At the UN, a Hard-Fought Win for an LGBT Leader
On Monday in New York, the United States spearheaded a successful effort in the UN Economic and Social Council (ECOSOC) to accredit the International Gay and Lesbian Human Rights Commission (IGLHRC), a U.S.-based NGO whose respected work over 20 years has shed light on discrimination, combated HIV/AIDs, and promoted human rights around the world. The move, which President Barack Obama called an “important step forward for human rights,” enriches the community of NGOs that inform, influence, and hold accountable UN members.
“The UN was founded on the premise that only through mutual respect, diversity, and dialogue can the international community effectively pursue justice and equality,” President Obama said. “Today, with the more full inclusion of the [IGLHRC], the United Nations is closer to the ideals on which it was founded, and to values of inclusion and equality to which the United States is deeply committed.”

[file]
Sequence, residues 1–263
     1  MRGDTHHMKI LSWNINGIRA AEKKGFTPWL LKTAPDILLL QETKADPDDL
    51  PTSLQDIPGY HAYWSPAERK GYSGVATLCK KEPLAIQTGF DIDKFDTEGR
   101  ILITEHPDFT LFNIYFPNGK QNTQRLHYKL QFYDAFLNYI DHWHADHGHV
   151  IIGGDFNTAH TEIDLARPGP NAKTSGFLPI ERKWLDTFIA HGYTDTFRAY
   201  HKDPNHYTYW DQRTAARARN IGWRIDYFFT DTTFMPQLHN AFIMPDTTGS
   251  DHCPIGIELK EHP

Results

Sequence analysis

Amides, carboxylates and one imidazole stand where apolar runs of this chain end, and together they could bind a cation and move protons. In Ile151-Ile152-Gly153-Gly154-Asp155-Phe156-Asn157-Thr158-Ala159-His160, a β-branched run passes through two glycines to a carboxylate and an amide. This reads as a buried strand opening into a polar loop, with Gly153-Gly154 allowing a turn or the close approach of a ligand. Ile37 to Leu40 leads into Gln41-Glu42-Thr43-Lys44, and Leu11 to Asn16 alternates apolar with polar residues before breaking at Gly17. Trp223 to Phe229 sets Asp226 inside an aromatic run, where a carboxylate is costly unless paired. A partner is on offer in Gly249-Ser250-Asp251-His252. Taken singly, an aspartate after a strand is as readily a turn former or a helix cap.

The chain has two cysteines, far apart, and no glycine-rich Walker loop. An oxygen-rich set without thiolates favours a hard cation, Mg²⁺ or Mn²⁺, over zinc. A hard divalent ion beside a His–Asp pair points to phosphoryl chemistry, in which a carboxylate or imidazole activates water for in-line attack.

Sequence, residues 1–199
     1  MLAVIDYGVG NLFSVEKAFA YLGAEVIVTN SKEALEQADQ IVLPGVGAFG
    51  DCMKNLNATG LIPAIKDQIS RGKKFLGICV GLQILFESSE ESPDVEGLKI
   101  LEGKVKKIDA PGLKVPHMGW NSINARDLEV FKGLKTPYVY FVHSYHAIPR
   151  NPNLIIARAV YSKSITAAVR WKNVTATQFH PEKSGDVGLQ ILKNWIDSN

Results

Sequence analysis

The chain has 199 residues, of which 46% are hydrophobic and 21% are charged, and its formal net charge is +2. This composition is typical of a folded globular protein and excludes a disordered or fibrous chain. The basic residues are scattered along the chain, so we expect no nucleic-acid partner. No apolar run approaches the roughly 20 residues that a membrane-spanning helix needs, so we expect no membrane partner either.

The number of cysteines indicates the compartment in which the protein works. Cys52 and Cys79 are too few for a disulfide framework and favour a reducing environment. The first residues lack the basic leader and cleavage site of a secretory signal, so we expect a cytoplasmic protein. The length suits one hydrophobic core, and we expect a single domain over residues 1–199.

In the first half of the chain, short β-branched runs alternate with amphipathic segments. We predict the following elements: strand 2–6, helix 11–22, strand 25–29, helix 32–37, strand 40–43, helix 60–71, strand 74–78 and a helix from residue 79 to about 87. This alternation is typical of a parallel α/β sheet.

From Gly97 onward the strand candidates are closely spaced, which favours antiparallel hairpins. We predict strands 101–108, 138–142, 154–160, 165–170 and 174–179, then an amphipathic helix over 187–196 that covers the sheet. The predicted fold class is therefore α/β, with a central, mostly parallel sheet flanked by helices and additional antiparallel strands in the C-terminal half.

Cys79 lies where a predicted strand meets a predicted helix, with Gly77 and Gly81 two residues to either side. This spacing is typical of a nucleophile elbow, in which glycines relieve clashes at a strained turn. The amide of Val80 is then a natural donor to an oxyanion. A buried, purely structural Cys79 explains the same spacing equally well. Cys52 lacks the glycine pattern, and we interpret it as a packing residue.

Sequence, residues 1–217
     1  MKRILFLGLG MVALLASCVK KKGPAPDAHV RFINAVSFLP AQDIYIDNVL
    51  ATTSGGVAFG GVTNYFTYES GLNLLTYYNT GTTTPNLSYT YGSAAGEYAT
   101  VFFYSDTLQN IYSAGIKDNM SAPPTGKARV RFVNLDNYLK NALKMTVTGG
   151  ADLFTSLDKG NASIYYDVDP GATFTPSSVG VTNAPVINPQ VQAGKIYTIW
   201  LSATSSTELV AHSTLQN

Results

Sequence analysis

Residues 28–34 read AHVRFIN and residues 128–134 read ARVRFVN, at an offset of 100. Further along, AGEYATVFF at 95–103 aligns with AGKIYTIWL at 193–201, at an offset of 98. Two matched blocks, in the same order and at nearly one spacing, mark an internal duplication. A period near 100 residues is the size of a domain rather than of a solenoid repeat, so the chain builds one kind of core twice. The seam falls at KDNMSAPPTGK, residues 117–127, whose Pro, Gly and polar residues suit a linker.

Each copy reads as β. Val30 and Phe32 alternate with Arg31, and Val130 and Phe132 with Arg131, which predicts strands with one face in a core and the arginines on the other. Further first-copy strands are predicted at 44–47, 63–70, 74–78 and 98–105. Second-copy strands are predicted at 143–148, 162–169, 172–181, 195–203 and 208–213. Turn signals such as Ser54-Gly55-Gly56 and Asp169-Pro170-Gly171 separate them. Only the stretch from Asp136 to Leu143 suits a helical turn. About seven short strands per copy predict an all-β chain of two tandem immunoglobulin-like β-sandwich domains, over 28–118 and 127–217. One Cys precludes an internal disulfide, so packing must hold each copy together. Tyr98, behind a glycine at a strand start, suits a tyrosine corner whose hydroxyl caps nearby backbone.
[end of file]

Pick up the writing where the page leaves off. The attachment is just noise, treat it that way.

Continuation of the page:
Before Monday, no LGBT rights organizations with UN special consultative status were based in the U.S. Out of more than 3,000 accredited NGOs, only nine focused primarily on LGBT rights. Only one of those operated internationally.
Before the vote, the IGLHRC had to navigate a maze of barriers thrown up by some members of the 19-member UN Committee on NGOs, culminating in a “no action” motion in May. On Monday, despite opposition, the U.S. pushed a resolution directly to ECOSOC to grant the IGLHRC special consultative status, resulting in a debate and a vote. After 23 countries voted “yes,” 13 voted “no,” and 13 abstained, the IGLHRC won.
U.S. Ambassador Susan Rice said, “The vote was a significant achievement for all those who work to see the United Nations embody its founding principles and advance the tenets of the Universal Declaration of Human Rights.”
Alex McPhillips is Press Officer, U.S. Mission to the UN